by Daniel Rubino, Derek Kessler, Kevin Michaluk, Phil Nickinson, and Rene Ritchie
Flying is a pain in the ass. Very few people will argue with that. It’s all that wasted time, sitting around. It’s the indignity of essentially being treated like a criminal as you cross the threshold from real life to revenue passenger. It’s the incessant scream of CNN (or worse) on the airport televisions at every gate. It’s the often overlapping gate announcements. It’s the cramped seats and dwindling in-flight amenities.
But perhaps the biggest problem has been our devolving attention spans — that need to fill every second of every day with something. And for many of us, that’s where our phones and tablets come in.
So that brief interlude between the time the forward boarding door closes and you hear the familiar “ding … ding …” signaling that we’ve reached 10,000 feet and it is now safe to use certain portable electronic devices may well feel like the longest two miles of your life.
We get that. (And I’ll save for another time the argument that indeed it is possible to have moments of quiet reflection while crammed into an aluminum tube with 150 of your closest strangers.)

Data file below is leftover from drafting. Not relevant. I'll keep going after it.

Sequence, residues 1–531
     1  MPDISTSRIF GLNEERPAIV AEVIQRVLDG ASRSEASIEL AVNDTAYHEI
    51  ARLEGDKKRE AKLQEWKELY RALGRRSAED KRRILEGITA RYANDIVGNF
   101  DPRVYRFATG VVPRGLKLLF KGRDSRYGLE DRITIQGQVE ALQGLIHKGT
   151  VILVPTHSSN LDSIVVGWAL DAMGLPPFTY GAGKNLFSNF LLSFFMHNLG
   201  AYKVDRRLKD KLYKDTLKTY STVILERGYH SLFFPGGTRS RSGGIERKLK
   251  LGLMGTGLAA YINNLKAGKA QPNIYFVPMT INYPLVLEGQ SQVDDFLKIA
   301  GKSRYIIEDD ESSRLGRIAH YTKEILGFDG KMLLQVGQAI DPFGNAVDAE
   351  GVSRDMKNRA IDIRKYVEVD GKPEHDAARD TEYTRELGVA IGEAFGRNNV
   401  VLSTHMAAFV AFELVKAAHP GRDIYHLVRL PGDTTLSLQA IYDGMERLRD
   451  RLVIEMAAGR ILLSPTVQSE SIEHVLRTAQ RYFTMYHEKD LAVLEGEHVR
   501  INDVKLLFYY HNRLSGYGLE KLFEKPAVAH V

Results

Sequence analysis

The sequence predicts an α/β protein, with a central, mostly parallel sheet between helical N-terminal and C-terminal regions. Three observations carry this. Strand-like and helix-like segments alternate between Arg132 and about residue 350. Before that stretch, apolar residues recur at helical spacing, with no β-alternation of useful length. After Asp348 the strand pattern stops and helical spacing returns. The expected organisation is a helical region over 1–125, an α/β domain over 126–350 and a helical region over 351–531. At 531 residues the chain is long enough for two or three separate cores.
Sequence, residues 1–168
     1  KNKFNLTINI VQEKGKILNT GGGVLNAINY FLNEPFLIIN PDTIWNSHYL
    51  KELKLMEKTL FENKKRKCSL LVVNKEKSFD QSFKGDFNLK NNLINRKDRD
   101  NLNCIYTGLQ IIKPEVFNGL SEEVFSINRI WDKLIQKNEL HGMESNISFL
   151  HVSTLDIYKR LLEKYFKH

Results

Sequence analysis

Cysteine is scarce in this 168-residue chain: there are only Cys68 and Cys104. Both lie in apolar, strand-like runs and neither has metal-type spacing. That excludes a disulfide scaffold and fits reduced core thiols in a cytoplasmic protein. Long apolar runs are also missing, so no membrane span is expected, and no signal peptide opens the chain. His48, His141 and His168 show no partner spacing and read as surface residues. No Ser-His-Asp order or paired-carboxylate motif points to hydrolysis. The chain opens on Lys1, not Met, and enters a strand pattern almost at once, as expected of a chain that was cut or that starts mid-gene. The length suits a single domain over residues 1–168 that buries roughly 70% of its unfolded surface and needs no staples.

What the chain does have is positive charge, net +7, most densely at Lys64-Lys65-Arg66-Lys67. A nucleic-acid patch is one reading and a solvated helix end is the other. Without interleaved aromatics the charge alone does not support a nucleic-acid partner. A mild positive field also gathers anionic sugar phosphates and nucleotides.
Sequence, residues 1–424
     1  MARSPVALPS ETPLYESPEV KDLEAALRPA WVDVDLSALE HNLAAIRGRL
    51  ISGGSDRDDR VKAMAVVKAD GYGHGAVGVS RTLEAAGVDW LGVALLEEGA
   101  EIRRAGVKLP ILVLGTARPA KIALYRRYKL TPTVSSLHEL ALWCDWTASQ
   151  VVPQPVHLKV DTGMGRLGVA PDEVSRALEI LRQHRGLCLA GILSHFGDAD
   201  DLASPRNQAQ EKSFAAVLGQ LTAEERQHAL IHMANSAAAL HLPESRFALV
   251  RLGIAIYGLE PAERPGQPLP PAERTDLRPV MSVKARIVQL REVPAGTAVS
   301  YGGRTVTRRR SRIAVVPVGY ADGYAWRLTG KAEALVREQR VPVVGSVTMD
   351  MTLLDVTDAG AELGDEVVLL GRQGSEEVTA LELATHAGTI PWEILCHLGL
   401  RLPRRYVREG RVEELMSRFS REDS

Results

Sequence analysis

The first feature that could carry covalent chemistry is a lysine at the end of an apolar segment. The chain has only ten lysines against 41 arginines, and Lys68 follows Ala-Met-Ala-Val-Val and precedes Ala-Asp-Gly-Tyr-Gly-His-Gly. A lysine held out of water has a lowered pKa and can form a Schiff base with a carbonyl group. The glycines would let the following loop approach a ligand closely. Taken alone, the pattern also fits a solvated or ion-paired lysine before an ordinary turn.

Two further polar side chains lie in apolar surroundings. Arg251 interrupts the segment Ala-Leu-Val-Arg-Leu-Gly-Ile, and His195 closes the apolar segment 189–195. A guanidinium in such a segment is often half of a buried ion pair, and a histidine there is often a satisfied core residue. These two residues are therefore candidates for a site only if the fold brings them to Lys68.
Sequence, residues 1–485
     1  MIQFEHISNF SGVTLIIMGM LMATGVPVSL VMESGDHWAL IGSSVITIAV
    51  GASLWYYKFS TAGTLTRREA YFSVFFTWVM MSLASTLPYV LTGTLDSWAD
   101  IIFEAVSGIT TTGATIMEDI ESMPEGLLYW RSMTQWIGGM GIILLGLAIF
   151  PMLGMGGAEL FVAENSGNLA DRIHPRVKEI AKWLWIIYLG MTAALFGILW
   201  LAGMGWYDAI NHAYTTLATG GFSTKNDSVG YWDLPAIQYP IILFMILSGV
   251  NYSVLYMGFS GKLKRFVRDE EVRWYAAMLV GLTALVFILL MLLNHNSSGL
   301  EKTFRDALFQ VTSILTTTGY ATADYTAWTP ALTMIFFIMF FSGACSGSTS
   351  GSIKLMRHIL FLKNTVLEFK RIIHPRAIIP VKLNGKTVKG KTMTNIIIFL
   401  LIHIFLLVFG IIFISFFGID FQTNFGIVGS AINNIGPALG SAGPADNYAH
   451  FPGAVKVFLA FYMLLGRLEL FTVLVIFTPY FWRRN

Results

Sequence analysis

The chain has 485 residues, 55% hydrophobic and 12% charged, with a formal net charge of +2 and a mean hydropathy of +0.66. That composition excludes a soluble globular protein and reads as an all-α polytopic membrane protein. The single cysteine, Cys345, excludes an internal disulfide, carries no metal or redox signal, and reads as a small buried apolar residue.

For those of us who fly a lot — or even for the first-time fliers — being able to listen to music or read a book or play a game from the moment we take our seats and fasten our seat belt low and tight across our laps to the time the plane comes to a complete stop at the gate serves two purposes.
It's a small compromise to those who are tired of being treated like children and potential rule breakers.
First, it’s a symbolic victory. A small compromise to those who spend their time and money on travel and are tired of being treated like children and potential rule-breakers. (Perhaps the change will spur more travelers to act less like youngsters and hooligans, but, again, I digress.)
But more important is that it’s one less hassle. One less interruption in a process that’s simultaneously hurried and monotonous, and continuously punctuated with the reminder that you must follow all these rules, or else!
Phones and our tablets are security blankets for grown-ups. Too many of us don’t know what to do without them — even for a mere 10,000 feet.